Home Put The Social Web In Context With Glue’s New Browser Plugin

Put The Social Web In Context With Glue’s New Browser Plugin

Do you like to know what sort of music, movies, books, and other things your friends like? If so, you have a couple of options for following your friends’ interests on the web today. You can either join a social network dedicated to sharing this information (think Goodreads, Flixster, Last.fm) or you can follow your friends on lifestreaming service like FriendFeed where you might happen upon a shared interest somewhere in their stream of updates. A third option would be to only see your friends’ interests in context when you were actively viewing a book, movie, album, etc. on the web.

If that last option sounds appealing to you, then you’ve just been sold on the concept of Glue, a new semantic browser plugin that connects you to your friends around everyday things like books, movies, music, restaurants, and more.

What’s Glue?

Glue is a new browser plugin from Adaptive Blue. It uses semantic technology to connect you to your friends around things like books, music, movies, stars, artists, stocks, wine, restaurants, and more. The plugin places a bar – not a toolbar, just a bar – at the top of your browser window when you visit certain popular web sites like Amazon, Yahoo! Finance, Wine.com, IMDB, Wikipedia, Citysearch, Last.fm, and many others.

As you read about the album, movie, book, or whatever else it is that you’re viewing at the time, you’ll have a toolbar at the top of the page where you can see which of your friends had visited the same page, if they liked it, and if they left a comment.

Glue Is Not Co-browsing

Glue is not a co-browsing plugin like Me.dium nor does it try to socialize the entire web surfing experience like Socialbrowse (our coverage). Also, unlike Headup, another semantic browser plugin we covered recently, Glue doesn’t bother you with pop-up messages as you surf. Glue simply provides a social element to web pages in context – there’s no destination site to join and your social graph doesn’t need to be re-created in order to use it.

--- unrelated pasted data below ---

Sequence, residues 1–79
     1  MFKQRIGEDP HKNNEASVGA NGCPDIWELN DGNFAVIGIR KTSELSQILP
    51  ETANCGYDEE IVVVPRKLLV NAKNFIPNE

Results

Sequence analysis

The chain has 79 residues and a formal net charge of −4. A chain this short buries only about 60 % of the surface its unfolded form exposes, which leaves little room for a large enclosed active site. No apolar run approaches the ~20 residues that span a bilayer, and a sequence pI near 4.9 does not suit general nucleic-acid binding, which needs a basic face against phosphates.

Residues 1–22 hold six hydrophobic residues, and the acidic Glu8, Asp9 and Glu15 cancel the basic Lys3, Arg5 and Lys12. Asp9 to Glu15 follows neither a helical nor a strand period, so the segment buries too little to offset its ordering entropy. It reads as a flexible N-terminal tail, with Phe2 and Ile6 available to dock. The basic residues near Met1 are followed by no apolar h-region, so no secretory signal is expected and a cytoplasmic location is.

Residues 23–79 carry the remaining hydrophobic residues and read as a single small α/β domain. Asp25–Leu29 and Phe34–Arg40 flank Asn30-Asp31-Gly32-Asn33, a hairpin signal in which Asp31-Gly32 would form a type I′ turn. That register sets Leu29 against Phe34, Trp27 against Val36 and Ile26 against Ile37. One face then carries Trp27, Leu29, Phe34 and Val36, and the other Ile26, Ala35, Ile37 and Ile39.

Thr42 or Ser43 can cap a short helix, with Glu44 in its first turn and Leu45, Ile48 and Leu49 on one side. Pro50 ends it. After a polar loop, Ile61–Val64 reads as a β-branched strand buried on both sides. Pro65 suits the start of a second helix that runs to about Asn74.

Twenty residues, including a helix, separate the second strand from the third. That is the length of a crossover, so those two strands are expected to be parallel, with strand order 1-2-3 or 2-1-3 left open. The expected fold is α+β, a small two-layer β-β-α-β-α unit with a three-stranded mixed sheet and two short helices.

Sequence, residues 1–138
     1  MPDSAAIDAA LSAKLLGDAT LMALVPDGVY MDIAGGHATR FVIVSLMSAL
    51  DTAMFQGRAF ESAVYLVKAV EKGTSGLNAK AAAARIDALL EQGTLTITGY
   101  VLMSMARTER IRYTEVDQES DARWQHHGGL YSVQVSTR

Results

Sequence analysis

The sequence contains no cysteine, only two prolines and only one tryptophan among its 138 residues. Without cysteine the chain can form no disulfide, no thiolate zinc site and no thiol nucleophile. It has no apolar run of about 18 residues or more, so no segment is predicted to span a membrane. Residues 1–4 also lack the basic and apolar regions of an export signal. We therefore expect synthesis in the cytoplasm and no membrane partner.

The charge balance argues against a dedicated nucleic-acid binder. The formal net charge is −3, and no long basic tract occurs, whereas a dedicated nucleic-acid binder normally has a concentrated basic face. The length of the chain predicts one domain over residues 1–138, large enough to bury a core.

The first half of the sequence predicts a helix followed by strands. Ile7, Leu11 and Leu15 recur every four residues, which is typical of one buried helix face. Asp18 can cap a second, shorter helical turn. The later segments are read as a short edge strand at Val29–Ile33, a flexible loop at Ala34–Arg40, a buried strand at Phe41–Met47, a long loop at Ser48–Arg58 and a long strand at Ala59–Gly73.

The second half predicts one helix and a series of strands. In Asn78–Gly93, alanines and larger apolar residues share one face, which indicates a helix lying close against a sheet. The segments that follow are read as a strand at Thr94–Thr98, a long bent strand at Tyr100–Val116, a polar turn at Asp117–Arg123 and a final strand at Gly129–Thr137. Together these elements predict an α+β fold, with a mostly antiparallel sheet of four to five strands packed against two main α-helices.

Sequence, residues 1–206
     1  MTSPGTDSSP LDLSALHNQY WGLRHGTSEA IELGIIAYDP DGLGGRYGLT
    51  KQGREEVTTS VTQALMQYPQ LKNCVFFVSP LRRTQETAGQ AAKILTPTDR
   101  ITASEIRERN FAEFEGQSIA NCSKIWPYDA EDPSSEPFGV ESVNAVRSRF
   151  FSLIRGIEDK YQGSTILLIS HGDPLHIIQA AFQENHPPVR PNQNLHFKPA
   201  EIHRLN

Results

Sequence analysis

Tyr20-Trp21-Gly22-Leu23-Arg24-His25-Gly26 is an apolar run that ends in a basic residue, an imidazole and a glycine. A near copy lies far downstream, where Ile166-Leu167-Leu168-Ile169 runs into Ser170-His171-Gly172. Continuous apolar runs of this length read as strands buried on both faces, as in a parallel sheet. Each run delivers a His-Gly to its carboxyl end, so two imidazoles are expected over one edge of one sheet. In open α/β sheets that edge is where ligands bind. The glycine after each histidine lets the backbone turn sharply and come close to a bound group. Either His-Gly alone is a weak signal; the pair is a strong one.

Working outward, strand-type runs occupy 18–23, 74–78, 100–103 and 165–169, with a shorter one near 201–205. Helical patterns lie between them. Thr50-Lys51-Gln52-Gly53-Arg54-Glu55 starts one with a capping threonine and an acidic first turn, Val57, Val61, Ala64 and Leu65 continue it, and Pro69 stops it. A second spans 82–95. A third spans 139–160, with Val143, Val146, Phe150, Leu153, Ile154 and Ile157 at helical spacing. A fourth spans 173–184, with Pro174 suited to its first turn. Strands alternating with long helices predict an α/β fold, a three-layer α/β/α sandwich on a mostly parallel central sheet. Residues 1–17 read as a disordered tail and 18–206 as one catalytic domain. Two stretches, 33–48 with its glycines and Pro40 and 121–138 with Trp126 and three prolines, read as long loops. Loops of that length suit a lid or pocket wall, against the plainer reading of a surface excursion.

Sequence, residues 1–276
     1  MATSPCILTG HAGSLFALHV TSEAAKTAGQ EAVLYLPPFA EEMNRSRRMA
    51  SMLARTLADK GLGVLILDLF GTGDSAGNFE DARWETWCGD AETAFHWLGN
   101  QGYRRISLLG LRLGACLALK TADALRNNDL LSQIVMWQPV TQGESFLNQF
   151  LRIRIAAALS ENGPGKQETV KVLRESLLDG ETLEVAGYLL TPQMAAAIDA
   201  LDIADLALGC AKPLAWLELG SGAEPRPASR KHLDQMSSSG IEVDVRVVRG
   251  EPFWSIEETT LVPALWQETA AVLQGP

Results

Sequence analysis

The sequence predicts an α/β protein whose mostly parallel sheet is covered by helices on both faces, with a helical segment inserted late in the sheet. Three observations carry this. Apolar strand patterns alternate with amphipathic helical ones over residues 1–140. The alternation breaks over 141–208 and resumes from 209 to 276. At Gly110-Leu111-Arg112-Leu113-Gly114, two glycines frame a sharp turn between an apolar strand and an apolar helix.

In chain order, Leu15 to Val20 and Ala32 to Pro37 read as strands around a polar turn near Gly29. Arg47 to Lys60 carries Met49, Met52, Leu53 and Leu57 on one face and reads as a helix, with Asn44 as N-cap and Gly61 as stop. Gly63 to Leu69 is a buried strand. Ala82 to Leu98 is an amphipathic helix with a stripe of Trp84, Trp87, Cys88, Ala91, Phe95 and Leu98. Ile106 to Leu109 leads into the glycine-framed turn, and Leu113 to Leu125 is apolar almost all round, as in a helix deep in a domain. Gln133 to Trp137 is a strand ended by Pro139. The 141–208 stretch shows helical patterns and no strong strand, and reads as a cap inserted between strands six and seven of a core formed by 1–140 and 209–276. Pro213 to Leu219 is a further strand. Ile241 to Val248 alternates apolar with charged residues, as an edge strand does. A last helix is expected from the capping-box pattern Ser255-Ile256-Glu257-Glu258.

How It Works

In order to tap into your network of friends, Glue uses APIs from popular social networks like Facebook, Twitter, and FriendFeed to import your friends. You can choose to import one or all of those friend lists into the plugin.

To participate in the Glue network, all you do is continue browsing the web normally. When you visit a supported site, the Glue friend bar appears. If you choose, you can view what your friends say about the item on the page, or you can ignore the bar and continue on your way. However, your visit is recorded and when one of your friends visits that same page, they can see that you’ve been there recently, though not the exact date or time your visit occurred. This information is only stored for the last 20 things you’ve visited on the web.

While surfing, if you want to share your thoughts about the item you’re viewing, you can optionally use the Glue “like” button and/or the “2 cents” button which lets you add a quick thought about item. You can also click on the bar to see the profiles of your friends, other recent Glue users, and you can explore their interests even further by clicking into their profiles, which display in a pop-up box that appears when you click their avatar. You can also optionally click on “Actions” to explore the item you’re viewing on other Glue-supported sites.

Making The Social Web Relevant

By providing this social experience in context, Glue can actually be more useful to you than simply joining isolated social networks surrounding your interests where your data and that of your friends is trapped inside the network’s walls. It may also have some appeal over a lifestreaming service like FriendFeed, because you don’t have to happen across the information – it’s there when you’re actively interested in something and have sought it out on the web.

In the official version coming soon, the company is also soon going to provide a method for any web publisher to “Glue-enable” their site by simply adding AB Meta to their sites, by inserting three lines of code in the header of a page.

Glue is the next generation of the Adaptive Blue plugin, a tool that currently has around 350,000 active users. Current Adaptive Blue users will find their plugin updated to Glue through the standard Firefox plugin update process. For everyone else, you can download the plugin here.

Although at the present time Glue is available as a Firefox plugin only, an IE version is in the works and an iPhone plugin will arrive in a few weeks.

Disclosure: AdaptiveBlue’s CEO, Alex Iskold, is a feature writer for RWW.

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